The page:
- Be a tool for the controlled release of those documents to customers and supply chain partners.
“For bigger companies, finding information is really hard. Having one tool that you can go to and search and find stuff when it’s all in one place and indexed, you can find the latest copy of some spec or see if it’s been changed. If you're working in a company of 4 or 5000 people, finding the latest document of something is difficult. That's why Cognidox was such a valuable tool to us as we grew.”
More functionality - more control
But as the complexity and value of the products Virata were developing also grew, so the importance of documentation became even more critical. To respond to this the Doxbox tool was further enhanced, reflecting the need for better governance and oversight at every stage of the design, production and delivery process.
“If we'd released something to a customer, we said we’d like to know that the right person within that customer had picked it up. We developed named licensees with individual accounts for each of those licensees, so they could log in and we’d know that the right person had picked up the right version of that file. We also started introducing things like a review and approval process for documentation. So we got visibility of who was approving what and capturing reasons for rejection and other information”In 2001, Virata merged with Globespan to become GlobespanVirata. Then GlobespanVirata was subsequently acquired by Conexant Systems in 2003. At each point, Doxbox was again reworked to deal with the larger company, serving multiple geographic sites and disparate product teams. Over the following years further acquisitions required additional functionality to support a more complex global organisation.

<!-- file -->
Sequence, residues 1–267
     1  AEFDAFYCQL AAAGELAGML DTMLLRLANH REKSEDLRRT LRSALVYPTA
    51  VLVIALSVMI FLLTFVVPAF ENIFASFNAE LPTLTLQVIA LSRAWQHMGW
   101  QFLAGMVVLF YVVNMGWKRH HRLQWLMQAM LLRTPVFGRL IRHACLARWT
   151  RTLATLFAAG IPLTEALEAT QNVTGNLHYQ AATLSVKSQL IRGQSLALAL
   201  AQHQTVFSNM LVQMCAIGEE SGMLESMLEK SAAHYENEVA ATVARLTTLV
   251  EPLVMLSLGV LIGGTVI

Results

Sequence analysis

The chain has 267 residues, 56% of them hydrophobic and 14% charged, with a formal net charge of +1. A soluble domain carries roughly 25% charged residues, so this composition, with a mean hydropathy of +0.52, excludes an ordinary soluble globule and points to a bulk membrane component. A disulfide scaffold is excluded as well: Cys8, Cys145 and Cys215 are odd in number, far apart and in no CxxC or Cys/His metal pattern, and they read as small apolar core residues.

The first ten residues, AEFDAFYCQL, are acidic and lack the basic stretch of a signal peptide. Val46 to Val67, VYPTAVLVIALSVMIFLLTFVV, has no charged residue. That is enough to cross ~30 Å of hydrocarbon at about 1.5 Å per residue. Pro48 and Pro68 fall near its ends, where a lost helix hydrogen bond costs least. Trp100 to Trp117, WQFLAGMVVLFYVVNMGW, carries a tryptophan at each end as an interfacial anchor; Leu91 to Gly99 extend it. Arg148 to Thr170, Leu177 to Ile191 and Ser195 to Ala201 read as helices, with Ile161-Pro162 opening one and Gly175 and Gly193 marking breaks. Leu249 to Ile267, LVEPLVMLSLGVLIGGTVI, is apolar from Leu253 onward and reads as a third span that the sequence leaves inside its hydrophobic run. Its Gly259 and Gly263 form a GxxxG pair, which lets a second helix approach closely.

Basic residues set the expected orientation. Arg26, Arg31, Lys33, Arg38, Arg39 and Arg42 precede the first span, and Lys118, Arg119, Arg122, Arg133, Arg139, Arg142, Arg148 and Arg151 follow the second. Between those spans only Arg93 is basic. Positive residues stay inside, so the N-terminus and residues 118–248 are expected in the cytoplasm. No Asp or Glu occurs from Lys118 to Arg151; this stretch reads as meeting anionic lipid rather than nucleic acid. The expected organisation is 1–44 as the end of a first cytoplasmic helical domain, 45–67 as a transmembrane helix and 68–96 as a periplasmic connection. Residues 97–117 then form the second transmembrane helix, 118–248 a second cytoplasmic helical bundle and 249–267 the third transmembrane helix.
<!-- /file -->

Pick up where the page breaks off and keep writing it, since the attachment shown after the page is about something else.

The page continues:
Information at your finger tipsWhen Cognidox was spun out of Conexant Systems by Paul Walsh and Vittal Aithal, it was this spirit of serving the evolving needs of their clients that still led the development of their software solutions. The tool had already begun to answer other, more sophisticated product development needs including supporting external auditing processes and, crucially, phase gating requirements. As Ian Stacey explains this is a vital part of high tech product development: